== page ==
ATMI Offers Support For War Effort Against Terrorism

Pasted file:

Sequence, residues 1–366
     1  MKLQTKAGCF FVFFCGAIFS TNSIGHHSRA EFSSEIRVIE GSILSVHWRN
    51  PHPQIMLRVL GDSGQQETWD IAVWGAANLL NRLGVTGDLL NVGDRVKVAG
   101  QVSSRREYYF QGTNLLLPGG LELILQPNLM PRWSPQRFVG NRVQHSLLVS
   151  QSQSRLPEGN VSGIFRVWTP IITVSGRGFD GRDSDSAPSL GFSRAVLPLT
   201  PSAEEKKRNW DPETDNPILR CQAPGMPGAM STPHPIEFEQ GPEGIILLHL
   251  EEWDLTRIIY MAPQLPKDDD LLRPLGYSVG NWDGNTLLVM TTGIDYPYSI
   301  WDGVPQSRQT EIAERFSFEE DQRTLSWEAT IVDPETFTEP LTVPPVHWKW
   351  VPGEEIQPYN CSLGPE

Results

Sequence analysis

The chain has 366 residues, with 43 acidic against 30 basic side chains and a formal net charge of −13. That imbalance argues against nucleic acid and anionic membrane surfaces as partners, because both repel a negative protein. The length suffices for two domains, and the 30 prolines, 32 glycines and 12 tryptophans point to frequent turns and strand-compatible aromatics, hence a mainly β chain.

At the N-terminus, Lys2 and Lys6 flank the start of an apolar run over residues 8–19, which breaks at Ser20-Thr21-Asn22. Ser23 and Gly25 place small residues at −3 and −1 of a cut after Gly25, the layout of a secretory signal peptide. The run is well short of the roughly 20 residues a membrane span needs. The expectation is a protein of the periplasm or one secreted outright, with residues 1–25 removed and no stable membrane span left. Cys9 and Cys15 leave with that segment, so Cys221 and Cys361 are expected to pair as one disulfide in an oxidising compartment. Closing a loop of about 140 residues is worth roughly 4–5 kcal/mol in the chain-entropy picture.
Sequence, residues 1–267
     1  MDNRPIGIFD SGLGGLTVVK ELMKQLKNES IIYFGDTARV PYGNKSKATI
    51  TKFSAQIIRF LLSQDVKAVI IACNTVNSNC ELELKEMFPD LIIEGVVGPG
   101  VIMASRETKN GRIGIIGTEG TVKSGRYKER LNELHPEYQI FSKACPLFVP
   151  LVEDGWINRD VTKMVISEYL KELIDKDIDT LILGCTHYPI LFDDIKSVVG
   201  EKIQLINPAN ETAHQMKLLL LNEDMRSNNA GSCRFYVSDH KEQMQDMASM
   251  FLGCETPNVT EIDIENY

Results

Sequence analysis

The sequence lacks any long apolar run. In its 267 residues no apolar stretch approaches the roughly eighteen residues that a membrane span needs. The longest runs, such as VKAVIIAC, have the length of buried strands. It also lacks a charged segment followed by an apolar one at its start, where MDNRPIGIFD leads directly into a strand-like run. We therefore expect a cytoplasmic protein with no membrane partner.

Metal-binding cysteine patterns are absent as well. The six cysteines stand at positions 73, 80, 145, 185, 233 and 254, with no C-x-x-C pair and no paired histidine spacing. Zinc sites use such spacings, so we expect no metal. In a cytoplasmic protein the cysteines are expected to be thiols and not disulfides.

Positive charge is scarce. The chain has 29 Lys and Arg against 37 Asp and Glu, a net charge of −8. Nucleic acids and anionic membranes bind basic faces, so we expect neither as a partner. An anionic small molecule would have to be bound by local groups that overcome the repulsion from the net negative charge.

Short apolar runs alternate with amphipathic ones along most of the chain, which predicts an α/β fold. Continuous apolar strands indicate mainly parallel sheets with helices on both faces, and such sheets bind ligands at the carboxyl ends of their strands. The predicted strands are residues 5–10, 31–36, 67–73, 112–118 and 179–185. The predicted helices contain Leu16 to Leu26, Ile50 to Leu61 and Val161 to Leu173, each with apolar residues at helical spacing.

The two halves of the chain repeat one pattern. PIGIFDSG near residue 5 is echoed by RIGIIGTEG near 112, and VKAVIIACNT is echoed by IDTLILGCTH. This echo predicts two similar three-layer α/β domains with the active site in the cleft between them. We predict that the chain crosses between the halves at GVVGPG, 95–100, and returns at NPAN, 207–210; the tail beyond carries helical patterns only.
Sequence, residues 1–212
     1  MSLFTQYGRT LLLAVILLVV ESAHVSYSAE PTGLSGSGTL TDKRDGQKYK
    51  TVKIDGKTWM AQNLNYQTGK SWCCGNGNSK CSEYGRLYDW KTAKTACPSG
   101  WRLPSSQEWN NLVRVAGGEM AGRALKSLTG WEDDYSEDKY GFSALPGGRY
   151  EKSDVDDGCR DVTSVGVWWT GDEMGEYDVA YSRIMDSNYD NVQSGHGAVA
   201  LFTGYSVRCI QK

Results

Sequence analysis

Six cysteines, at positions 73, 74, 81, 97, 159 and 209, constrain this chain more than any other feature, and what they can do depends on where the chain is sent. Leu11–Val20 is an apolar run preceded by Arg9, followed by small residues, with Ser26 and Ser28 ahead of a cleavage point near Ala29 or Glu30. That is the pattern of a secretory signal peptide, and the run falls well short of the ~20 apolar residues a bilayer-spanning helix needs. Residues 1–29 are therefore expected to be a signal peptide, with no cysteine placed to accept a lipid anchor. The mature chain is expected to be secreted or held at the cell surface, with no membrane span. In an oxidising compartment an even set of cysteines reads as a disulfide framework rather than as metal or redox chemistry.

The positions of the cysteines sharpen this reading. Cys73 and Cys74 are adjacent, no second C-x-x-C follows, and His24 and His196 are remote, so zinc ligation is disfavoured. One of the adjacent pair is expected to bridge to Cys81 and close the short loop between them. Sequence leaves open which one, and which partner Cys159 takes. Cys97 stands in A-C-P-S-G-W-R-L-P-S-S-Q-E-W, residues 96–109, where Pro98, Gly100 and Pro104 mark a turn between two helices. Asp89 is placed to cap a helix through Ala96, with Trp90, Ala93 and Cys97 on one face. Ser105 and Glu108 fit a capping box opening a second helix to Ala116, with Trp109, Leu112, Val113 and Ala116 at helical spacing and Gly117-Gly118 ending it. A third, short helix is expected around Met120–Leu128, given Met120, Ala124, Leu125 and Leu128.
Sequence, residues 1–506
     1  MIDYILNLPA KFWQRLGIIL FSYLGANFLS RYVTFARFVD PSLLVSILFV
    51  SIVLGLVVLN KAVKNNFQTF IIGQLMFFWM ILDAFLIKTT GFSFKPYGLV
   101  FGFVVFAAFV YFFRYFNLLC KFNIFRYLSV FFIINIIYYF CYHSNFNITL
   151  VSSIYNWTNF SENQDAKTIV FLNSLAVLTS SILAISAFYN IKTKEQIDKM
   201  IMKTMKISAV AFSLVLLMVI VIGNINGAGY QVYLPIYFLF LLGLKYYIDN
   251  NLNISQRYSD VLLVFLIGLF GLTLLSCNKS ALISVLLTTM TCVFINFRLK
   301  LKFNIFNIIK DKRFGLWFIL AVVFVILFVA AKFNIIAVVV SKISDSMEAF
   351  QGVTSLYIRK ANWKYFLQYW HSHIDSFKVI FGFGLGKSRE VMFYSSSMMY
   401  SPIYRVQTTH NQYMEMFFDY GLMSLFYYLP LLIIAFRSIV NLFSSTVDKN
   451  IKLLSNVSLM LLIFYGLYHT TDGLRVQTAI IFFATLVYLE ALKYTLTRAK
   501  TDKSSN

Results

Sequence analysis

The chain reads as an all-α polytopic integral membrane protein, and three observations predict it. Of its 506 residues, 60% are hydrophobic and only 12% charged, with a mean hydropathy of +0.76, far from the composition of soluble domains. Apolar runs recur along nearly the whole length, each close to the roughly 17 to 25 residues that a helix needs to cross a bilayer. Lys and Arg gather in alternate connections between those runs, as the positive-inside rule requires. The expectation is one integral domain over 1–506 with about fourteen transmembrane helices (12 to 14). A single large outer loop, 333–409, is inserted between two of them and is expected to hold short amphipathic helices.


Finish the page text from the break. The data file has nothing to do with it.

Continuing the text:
ATMI OFFERS SUPPORT FOR WAR EFFORT AGAINST TERRORISMThe president of the textile industrys national trade association has notified the defense supply center in Philadelphia (DSCP) that the U.S. textile industry stands ready to do whatever is necessary to support anti-terrorist military activities. He also has urged companies to make plans now to meet any additional military textile needs. According to the DSCP, the textile industry provides more than 13,000 items for the military, ranging from uniforms and combat gear to shelter and protection from extremes of weather and chemical weapons. Through two world wars and the conflicts in Korea, Vietnam, Panama and the Persian Gulf, the U.S. textile industry mobilized its resources to meet sharply increased demands of the military while continuing to supply civilian needs.In a letter to textile industry chief executive officers, Charles A. Hayes, president of the American Textile Mfrs. Institute (ATMI) said, “As our government evaluates the situation and decides on actions it will take, Ithought it prudent to urge each and every one of youregardless of the products you currently offerto immediately begin thinking of what your company can do if our nation calls on us for help.”He said ATMI has been in touch with DSCP and pledged the industrys cooperation in responding to the attack, and we have offered to work with them in any way we can should circumstances dictate that they need additional supplies of items currently produced or any new items that may be required. As part of its reorganization earlier this year, ATMI created a government textile procurement committee, under the chairmanship of Mike Kilkenny of Greenville Mills. That committee will be working closely with military procurement officials.At ATMIs 2001 annual meeting last March, Gen. Henry H. Shelton, chairman of the joint chiefs of staff, said the American textile industry has always been a “reliable partner of our nations military in times of peace and war.”In a related development, the Apparel Foundation immediately launched a program to provide apparel and footwear to victims and rescue workers. In New York City, there was a critical need for steel-toed footwear for fire fighters and clothing and blankets for other search and rescue workers. Many of those needs were quickly met by suppliers in the area, and the foundation is coordinating continuing offers of help from apparel and footwear manufacturers.October 2001